We haven’t made a decision yet on if we will have VBS (July). The biggest challenge I am facing is getting volunteers. A lot of people are not going to be ready to be out even if things have re-opened. I am working on a plan B virtual VBS.

I feel somewhat certain that I would have the volunteers if we go with a VBS. If families are not ready to send their kids to a group gathering, I am not sure we could do a virtual VBS. We get about 65 kids to VBS and I would say at least 50 of these are from the community, non-church attenders. It boggles my mind to think about trying to reach out to so many that we don’t know…i.e. how to reach them.

Ran into the “ancient” curriculum (from 1991) entitled “Singing Mountains and Clapping Trees.” It is all about loving God’s creation and embracing shalom. Since it is all about the outside, thinking of updating the resources, posting them and then encouraging families to do one lesson a week or something. Might zoom part of it, then set them free with a connected project. There are excellent Bible connections for each lesson. Kids could listen to and learn “Trees of the Field” to sing when we are back together.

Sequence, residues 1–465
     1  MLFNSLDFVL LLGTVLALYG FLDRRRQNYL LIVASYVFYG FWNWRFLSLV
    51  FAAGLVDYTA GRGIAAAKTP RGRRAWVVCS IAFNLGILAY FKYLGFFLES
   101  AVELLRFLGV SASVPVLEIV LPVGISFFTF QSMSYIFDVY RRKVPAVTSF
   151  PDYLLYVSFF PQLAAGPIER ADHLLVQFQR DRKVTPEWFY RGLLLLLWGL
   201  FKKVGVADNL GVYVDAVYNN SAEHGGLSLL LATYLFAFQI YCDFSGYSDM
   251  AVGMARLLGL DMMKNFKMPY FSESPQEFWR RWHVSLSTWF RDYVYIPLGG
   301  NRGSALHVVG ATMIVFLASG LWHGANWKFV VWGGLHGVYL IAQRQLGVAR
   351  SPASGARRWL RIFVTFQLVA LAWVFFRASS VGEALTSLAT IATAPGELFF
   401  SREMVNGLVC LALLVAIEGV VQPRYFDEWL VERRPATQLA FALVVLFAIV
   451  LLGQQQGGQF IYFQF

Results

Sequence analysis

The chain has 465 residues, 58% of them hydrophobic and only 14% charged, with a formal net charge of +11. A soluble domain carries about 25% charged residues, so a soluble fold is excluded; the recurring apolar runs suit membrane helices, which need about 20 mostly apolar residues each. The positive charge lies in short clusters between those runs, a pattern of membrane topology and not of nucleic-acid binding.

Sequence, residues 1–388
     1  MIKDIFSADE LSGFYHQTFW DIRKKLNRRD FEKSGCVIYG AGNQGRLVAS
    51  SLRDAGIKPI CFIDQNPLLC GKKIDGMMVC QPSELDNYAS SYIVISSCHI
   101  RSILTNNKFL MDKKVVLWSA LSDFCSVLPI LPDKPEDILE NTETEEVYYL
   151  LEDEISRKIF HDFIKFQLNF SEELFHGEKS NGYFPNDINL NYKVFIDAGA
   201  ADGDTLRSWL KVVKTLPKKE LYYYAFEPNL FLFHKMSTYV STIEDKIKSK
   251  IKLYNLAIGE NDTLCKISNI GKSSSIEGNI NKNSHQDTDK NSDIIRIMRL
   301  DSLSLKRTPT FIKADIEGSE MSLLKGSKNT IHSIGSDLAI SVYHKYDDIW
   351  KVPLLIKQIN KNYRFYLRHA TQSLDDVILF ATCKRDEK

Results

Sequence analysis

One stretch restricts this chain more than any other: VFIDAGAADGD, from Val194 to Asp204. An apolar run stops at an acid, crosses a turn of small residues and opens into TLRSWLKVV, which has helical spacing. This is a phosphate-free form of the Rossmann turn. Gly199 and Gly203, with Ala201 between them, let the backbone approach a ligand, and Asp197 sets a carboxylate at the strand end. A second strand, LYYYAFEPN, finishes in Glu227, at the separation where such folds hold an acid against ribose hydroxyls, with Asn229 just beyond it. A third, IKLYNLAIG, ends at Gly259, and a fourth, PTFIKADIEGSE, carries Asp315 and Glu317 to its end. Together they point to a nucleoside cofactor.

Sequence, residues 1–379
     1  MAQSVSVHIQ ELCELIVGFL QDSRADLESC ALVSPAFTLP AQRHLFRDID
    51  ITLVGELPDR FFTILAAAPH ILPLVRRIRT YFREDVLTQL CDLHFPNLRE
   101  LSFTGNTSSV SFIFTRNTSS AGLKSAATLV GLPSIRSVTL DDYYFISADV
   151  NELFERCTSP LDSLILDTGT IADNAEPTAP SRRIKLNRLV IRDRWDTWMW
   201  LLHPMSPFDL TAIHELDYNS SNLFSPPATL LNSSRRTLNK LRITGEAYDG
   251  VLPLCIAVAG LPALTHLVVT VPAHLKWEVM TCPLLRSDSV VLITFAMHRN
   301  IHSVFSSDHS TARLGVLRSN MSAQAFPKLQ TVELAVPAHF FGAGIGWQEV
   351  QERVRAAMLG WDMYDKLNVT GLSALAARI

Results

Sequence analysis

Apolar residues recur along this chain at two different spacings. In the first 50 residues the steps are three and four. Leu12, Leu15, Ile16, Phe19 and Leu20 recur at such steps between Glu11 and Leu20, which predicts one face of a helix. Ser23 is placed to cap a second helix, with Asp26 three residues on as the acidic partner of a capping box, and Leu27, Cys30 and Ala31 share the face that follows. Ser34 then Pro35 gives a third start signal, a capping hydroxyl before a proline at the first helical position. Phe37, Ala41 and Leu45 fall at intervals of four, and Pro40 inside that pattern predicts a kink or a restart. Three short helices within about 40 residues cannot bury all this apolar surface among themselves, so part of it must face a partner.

Our plans are on hold for now. With school possibly starting in early August and planning nearly impossible, it is hard to imagine an in-person VBS.

We are currently debating putting out a once-a-week virtual resource during the summer or delaying and hoping that by late July or August we can do something small like a one-day event. Perhaps even waiting and making a big deal over Rally Day, which we haven’t done much of recently.

VBS has been cancelled. Our goal is to plan an internal Welcome Back celebration, come the fall, if the way be clear. Many well-known ministry resources are only now beginning to piece together VBS alternatives. There is a possibility I will use one of these, especially if it’s free. Budget is frozen until further notice.